Scientists propose using lunar dust to block sunlight. What are the risks?

A researcher behind the new climate change mitigation proposal hopes to find a "more palatable" solution to solar geoengineering.
Chris Young
A stock image of the Earth, moon, and Sun.
A stock image of the Earth, moon, and Sun.

da-kuk / iStock 

  • A team of scientists from the Harvard–Smithsonian Center for Astrophysics and the University of Utah proposed blocking sunlight using lunar dust as a form of climate change mitigation.
  • One of the researchers, Dr. Scott J. Kenyon from the Harvard–Smithsonian Center for Astrophysics, told IE that he hopes we can solve the climate crisis without needing to resort to solar geoengineering.
  • The method would require launching 10 billion kg of lunar dust per launch to Lagrange Point 1.

A team of scientists believes the key to fighting climate change and saving the planet could be off-world.

In a new paper published in the journal PLOS Climate, the team from the Harvard–Smithsonian Center for Astrophysics and the University of Utah suggested placing lunar dust in orbit to shield Earth from sunlight.

The new strategy, a form of solar geoengineering, would require a regular stream of lunar dust being transported from the moon to Lagrange Point 1, which is the closest point the gravitational pull of the Earth and sun precisely equals the centripetal force required for a small object to move with them. As a point of reference, NASA's James Webb Space Telescope is orbiting in Lagrange Point 2, roughly one million miles from Earth.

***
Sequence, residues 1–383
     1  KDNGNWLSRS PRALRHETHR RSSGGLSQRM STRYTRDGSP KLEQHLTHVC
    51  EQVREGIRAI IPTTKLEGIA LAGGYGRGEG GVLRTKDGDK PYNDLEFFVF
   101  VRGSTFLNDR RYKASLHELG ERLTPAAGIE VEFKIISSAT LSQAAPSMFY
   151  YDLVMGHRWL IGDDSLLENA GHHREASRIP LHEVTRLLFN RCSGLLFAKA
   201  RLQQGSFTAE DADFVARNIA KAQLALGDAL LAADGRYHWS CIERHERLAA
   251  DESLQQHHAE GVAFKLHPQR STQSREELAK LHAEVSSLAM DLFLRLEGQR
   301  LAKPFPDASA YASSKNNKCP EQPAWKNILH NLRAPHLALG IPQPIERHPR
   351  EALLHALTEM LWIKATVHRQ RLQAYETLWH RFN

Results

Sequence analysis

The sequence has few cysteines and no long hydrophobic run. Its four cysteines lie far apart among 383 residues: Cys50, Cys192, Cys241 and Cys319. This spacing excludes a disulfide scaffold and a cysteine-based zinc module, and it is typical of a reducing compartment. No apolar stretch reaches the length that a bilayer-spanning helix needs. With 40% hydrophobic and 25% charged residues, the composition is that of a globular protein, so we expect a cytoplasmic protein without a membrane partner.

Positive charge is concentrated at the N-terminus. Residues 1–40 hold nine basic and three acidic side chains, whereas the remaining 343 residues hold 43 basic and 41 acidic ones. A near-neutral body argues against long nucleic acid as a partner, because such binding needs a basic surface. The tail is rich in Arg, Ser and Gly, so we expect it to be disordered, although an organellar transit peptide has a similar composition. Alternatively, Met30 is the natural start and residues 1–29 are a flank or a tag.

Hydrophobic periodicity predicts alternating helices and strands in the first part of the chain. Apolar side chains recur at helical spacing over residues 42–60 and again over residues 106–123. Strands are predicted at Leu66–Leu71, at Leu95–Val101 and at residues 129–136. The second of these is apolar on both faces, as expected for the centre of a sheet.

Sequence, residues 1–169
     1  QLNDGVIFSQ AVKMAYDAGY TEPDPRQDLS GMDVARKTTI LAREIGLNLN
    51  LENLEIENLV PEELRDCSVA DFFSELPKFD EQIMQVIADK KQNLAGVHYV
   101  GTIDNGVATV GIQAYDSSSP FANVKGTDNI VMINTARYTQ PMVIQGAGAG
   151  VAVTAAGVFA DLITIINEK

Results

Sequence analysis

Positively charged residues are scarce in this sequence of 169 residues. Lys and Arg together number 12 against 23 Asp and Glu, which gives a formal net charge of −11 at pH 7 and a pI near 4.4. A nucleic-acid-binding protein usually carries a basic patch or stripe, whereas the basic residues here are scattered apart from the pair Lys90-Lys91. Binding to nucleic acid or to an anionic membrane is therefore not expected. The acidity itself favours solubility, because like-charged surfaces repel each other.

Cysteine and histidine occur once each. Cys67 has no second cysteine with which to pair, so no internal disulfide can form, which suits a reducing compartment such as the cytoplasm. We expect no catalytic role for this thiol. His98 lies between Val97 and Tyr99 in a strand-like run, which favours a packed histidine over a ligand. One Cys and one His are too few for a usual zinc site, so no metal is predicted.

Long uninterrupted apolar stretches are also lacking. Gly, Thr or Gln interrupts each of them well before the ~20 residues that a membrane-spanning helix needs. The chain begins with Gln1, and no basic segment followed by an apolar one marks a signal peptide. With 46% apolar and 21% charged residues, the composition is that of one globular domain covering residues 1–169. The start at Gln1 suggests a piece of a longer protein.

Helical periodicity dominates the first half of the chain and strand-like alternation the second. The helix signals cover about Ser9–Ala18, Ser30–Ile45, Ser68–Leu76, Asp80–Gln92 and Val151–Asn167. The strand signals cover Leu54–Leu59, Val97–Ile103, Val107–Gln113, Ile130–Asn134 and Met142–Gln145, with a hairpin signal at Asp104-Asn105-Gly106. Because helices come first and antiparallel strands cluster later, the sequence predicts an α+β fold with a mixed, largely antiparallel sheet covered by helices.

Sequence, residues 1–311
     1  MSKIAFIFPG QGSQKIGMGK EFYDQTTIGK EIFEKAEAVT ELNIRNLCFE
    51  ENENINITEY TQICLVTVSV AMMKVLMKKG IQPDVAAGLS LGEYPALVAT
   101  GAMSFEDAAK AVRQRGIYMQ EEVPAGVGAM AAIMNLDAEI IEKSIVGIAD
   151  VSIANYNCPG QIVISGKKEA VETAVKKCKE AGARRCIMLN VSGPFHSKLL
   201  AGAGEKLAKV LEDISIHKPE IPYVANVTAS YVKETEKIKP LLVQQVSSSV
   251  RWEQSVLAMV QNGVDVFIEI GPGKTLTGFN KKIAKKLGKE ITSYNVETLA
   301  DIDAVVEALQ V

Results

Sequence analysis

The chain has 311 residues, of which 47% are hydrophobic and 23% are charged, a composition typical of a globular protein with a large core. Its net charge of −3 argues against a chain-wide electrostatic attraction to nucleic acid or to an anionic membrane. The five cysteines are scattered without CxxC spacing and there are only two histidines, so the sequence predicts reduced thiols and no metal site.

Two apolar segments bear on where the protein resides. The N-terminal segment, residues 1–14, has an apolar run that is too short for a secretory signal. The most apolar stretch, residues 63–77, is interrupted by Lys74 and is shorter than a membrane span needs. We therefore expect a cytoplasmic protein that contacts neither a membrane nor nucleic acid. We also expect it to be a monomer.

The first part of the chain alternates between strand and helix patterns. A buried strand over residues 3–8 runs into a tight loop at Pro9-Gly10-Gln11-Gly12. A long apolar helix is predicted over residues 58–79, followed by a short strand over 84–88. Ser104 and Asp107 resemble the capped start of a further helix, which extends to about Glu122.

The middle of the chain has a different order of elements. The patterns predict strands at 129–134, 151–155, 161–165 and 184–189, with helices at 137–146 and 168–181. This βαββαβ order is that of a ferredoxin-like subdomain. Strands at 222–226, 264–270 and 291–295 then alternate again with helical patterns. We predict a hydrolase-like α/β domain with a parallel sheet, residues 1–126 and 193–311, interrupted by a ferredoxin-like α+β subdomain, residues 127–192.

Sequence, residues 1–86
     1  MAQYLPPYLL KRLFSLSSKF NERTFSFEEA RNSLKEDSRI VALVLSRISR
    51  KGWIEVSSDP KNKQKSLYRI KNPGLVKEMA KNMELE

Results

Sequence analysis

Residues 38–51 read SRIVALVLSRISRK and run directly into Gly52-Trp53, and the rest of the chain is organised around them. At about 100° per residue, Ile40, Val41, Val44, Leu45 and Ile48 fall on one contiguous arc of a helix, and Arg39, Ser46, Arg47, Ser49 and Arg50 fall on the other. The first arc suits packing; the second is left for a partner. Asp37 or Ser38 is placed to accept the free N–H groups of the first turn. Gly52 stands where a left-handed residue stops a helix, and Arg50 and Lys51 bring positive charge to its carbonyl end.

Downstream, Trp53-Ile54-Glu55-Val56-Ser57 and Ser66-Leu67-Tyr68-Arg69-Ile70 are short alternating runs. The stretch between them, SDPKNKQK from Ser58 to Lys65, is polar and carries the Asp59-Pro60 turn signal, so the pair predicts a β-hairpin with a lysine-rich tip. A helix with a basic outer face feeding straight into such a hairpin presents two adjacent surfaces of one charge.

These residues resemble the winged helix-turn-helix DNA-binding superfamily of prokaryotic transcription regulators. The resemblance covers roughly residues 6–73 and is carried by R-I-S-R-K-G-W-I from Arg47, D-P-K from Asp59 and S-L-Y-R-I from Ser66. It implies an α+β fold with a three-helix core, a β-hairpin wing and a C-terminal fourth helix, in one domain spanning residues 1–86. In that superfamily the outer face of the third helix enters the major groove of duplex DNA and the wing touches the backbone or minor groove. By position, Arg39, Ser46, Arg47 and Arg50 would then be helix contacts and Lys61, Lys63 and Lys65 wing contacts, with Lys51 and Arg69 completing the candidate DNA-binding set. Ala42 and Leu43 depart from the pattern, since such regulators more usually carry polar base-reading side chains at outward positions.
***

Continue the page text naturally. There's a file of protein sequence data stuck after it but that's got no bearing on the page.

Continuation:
The idea originated from the fact that the team typically studies planetary formation in distant galaxies. When planets are forming, they are typically shrouded in massive veils of dust that can block sunlight from reaching their surface. This dust also forms massive rings around the planets.

Using computer simulations, the researchers found that they could precisely launch a dust cloud from the moon to L1, and it would remain there for some time, creating a shade for Earth that would lower the temperature on our planet. They did note, however, that this veil could be easily blown off course by solar radiation, meaning a constant supply would likely be required.

Solar geoengineering is a controversial topic, as its effects could potentially be incredibly harmful to our planet. However, the researchers behind the new proposal explain that their method would have no effect on our atmosphere. It could also be reversed relatively quickly, as the only requirement would be halting the flow of lunar dust to L1.

Arguably, the IPCC's latest report also shows that we may have to take some risks when it comes to fighting the worst effects of climate change, with humanity's use of fossil fuels having broken temperature records that had stood for an estimated 125,000 years.

In an interview with IE, Dr. Scott J. Kenyon (Ph.D.), a theoretical astrophysicist from the Harvard–Smithsonian Center for Astrophysics and one of the scientists behind the study, explained the thinking behind the new method, as well as the potential negative implications.

The following conversation has been lightly edited for clarity and flow.

Interesting Engineering: What are the potential risks of solar geoengineering strategies? 

Dr. Scott J. Kenyon: I am not enough of an expert to comment on other strategies. For this one, where we studied the properties of dust particles and the strategies for placing them at L1, I see no real technological risk. The downside of launching dust from the moon to L1 is that if you miss the target; the dust then joins the rest of the small dust particles orbiting in the inner solar system.